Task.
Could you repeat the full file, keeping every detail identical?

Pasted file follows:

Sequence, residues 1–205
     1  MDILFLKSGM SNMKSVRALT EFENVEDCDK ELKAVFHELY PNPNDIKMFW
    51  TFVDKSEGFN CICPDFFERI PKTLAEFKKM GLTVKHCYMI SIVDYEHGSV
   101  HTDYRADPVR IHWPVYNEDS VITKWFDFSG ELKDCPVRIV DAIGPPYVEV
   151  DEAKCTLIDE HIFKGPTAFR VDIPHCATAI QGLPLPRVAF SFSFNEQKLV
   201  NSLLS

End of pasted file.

Sequence, residues 1–205
     1  MDILFLKSGM SNMKSVRALT EFENVEDCDK ELKAVFHELY PNPNDIKMFW
    51  TFVDKSEGFN CICPDFFERI PKTLAEFKKM GLTVKHCYMI SIVDYEHGSV
   101  HTDYRADPVR IHWPVYNEDS VITKWFDFSG ELKDCPVRIV DAIGPPYVEV
   151  DEAKCTLIDE HIFKGPTAFR VDIPHCATAI QGLPLPRVAF SFSFNEQKLV
   201  NSLLS